After recently attending Cosmetex 2017, lots of excitement and questions have left us contemplating the role of politics within the realm of patient safety. One would assume patient safety is paramount above all and within the medical arena, science leads best practice. Quite simple really, the experts investigate and look at retrospective data which is then published. The publication then in turn improves patient outcomes, protocols, and the way we practice. In all fields of medicine this is widely accepted, research and development is facilitated, praised, and acknowledged.
One must ask, why is this different in breast augmentation? Professor Anand Deva explained what he referred to as the “Game of Implants”. The emotionally charged implant debates, are driven by numerous parties, all with a personal stake. From the manufacturer, distributer, cosmetic tourism provider, cosmetic surgeon, plastic surgeon, and marketers. A lot is at stake financially when any topic regarding implants comes into the spotlight. So, it is no wonder the room was full for Professor Deva’s discussion on the controversial implants, biofilm and ALCL.
The atmosphere was intense to say the least. An audience of cosmetic surgeons certainly outnumbered Professor Deva. Dr Daniel Fleming spoke via skype and debated the incidence and significance of BIA-ALCL, noting that further research is required to understand the cases that spontaneously reverted. This was certainly heated and somewhat emotionally charged, it became apparent the issue was far bigger then BIA-ALCL. In one corner was Professor Deva, encouraging all surgeons who perform breast augmentation to share any samples and data with his lab for further research.
The data Professor Deva and his team accumulate is used to compile evidence and data for the greater good of the patients. However, this was met with resistance due to a sense of dis-trust. It appeared that information collected by the study had been strategically leaked pertaining to clusters of patients and seemed to be specifically targeted at cosmetic surgeons. Professor Deva was not keen to comment on the clusters as he stated that the study was not complete and had not been published. Professor Deva was not privy to where the information had come from but was saddened by its effects.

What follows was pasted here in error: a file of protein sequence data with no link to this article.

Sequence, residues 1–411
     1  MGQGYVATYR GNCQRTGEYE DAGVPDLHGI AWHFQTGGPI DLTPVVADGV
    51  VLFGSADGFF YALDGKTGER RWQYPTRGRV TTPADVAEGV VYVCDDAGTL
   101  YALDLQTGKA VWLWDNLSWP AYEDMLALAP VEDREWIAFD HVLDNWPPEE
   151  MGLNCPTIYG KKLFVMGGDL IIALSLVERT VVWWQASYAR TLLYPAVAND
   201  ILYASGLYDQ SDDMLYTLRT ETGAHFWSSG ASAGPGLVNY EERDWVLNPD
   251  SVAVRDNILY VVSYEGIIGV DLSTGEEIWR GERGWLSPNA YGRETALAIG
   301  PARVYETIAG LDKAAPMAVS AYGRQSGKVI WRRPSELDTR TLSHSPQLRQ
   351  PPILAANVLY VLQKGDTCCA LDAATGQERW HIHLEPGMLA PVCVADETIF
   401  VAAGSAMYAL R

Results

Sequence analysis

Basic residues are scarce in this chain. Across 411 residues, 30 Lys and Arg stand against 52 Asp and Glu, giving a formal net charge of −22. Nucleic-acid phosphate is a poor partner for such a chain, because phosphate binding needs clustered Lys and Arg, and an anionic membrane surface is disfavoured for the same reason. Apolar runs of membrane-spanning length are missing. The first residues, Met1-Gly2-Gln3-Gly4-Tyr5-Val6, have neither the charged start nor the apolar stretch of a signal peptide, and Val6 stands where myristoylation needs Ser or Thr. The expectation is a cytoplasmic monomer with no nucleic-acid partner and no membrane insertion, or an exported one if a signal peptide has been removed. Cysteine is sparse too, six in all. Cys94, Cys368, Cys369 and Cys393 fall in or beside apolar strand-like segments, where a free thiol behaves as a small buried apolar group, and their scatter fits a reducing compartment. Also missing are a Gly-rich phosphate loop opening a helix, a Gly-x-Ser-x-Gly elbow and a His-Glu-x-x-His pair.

So, the key issues became apparent, no one disputed the need for research and development. In fact, the delegates wanted to hear more from Professor Deva. The issue was a deep seeded rivalry between Cosmetic surgeons and Plastic surgeons. Professor Deva remained calm, composed, and rational and his argument became impossible to dispute. Professor Deva reiterated the need for all parties to work together. This message was clear and repeated numerous times. Professor Deva urged all parties to rise above the politics and focus on the patient outcomes. There was even talk of an ACCS member becoming part of the study to further cement the collaboration everyone spoke of. This was received well and was an extremely productive session and I believe all the delegates left feeling positive.